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File:Dinosaur attack Saxon carving.jpg

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Saxon carving of a group of bipedal (2-legged) dinosaurs attacking a group of quadruped. From the Lady Chapel south aisle St. Mary and St. Hardulph at Breedon-on-the-Hill in Leicestershire, England. The Saxon carvings around the church that date from the 8th-10th centuries. This was when the Kingdom of Mercia was at its height and one of the most powerful in England. They originally were on the inside and outside walls of the previous Saxon Minster church and there are various types to admire.[1]

"The stone in which these strange animals are carved, is preserved in the church of SS. Mary and Hardulph at Breedon-on-the-Hill in Leicestershire. This church used to belong to the Saxon kingdom of Mercia. The stone itself is part of a larger frieze in which are depicted various birds and humans, all of them readily recognisable. But what are these strange creatures represented here? They are like nothing that survives today in England, yet they are depicted as vividly as the other creatures. There are long-necked quadrupeds, one of whom on the right seems to be biting (or 'necking' with) another. And in the middle of the scene appears a bipedal animal who is clearly attacking one of the quadrupeds. He stands on two great hindlegs and has two smaller forelimbs, and carries what appears to be armour plating on his back. His victim seems to be turning to defend himself; but with his hindlegs buckled in fear."[2]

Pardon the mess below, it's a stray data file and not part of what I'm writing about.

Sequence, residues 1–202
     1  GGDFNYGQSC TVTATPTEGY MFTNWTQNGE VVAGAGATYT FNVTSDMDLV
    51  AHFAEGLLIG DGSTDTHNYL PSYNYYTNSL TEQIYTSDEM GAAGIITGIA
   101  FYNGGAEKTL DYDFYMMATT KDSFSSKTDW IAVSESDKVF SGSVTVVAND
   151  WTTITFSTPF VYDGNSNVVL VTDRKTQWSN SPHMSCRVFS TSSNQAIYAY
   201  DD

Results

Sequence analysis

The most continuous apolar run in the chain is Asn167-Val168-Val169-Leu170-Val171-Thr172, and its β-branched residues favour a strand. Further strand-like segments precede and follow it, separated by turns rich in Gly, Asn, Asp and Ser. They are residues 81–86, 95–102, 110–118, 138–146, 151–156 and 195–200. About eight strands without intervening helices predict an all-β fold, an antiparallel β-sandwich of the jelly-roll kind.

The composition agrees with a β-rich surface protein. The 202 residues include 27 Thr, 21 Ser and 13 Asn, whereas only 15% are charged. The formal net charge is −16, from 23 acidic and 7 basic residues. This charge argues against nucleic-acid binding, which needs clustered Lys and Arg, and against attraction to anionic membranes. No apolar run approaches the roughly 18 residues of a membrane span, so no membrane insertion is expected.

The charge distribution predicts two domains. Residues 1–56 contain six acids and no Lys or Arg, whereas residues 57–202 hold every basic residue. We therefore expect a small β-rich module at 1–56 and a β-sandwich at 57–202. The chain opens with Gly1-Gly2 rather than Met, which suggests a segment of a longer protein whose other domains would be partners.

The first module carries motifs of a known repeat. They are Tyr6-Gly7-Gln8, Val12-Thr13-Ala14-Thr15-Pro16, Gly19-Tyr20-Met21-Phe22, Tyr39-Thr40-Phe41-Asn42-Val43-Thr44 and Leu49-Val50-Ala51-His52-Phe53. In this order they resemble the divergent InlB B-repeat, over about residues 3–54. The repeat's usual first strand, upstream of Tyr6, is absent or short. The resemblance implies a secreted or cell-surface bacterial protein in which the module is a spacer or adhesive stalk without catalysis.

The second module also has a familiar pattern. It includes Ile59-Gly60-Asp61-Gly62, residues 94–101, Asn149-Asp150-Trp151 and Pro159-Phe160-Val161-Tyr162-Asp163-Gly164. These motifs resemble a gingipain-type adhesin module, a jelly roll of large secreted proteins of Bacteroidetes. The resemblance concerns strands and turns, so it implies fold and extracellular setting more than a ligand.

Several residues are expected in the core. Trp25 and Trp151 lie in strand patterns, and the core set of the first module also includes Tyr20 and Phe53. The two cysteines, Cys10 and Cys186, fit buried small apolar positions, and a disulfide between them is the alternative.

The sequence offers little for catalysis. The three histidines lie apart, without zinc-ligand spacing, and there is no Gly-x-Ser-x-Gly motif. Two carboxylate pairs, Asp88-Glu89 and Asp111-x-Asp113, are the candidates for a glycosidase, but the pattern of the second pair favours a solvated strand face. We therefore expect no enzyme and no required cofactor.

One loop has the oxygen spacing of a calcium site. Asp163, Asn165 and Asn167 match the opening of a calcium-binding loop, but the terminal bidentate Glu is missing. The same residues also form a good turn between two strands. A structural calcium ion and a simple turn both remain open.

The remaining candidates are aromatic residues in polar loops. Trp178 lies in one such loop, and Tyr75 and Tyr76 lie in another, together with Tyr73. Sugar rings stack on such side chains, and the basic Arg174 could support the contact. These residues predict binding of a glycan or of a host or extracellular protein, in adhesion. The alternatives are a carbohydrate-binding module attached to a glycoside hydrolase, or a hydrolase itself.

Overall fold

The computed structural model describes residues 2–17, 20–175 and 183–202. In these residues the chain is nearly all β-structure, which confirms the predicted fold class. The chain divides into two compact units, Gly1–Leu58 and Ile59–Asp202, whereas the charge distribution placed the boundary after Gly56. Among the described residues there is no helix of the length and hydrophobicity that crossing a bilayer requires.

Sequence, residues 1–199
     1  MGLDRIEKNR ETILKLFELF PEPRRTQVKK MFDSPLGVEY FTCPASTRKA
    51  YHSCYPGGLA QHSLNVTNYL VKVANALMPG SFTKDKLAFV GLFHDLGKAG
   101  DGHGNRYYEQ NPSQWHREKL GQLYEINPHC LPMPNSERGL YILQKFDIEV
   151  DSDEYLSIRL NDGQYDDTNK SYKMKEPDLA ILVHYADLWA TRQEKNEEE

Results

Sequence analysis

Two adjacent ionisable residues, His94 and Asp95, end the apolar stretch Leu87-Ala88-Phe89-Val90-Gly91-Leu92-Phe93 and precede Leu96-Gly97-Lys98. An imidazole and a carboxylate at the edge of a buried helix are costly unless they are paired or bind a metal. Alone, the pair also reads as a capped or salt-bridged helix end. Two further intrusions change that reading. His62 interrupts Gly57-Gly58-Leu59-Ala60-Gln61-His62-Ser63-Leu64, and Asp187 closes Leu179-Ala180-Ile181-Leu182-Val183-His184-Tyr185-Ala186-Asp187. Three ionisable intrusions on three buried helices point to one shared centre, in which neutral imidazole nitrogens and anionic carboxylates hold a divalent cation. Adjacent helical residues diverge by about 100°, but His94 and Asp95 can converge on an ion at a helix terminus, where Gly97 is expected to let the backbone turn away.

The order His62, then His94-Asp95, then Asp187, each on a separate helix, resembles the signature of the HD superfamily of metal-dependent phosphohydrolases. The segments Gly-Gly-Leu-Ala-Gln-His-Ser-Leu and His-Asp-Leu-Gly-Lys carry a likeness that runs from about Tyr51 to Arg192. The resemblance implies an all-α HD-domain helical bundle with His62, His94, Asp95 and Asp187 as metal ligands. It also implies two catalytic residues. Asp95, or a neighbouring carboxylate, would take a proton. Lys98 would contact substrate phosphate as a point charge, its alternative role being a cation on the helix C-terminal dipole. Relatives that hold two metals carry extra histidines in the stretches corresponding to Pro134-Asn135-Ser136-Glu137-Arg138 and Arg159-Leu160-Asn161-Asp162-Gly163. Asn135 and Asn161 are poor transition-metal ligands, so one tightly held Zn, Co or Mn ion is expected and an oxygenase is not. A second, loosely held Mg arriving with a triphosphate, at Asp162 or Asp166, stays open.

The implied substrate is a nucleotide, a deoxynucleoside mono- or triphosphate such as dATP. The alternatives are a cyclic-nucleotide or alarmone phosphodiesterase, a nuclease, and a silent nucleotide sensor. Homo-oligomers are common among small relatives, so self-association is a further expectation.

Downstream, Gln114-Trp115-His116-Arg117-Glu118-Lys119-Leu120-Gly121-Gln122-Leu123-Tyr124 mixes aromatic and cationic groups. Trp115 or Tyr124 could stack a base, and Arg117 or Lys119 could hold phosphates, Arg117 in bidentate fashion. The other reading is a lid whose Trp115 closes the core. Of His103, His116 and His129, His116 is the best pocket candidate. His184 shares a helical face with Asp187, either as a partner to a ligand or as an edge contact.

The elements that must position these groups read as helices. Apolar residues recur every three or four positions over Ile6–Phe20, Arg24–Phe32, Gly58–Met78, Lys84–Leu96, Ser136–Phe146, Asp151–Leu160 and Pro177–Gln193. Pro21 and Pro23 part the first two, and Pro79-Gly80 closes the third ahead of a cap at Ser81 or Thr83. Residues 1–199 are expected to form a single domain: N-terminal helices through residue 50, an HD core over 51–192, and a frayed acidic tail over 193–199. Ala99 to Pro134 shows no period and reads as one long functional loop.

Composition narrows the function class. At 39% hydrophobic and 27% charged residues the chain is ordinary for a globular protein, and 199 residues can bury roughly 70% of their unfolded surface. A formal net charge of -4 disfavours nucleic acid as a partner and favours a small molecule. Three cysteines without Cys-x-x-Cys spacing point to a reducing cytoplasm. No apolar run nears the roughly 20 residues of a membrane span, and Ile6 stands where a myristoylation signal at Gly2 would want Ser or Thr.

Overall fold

"Now it cannot be pretended that these are merely caricatures of ordinary animals that are indigenous (these days) to the British Isles, for none of our present native species have long necks or are bipedal. So how are we to satisfactorily account for them? Is there a predatory animal from the fossil record known to us, who had two massive hindlegs and two comparatively puny forelimbs? There is indeed. In fact there are several such species, but how was our Saxon artist to know about such creatures if he'd never seen one? Are we looking here at a depiction in stone of the creature known to the Saxons and Danes as Grendel? Considering the close physical descriptions that we find in Beowulf, it would seem that we are."[3]

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current19:50, 31 July 2010Thumbnail for version as of 19:50, 31 July 20101,009 × 404 (75 KB)AshcraftSaxon carving of a group of bipedal (2-legged) dinosaurs attacking a group of quadruped. From the Lady Chapel south aisle St. Mary and St. Hardulph at [ Breedon-on-the-Hill] in Leicestershire, England. "The

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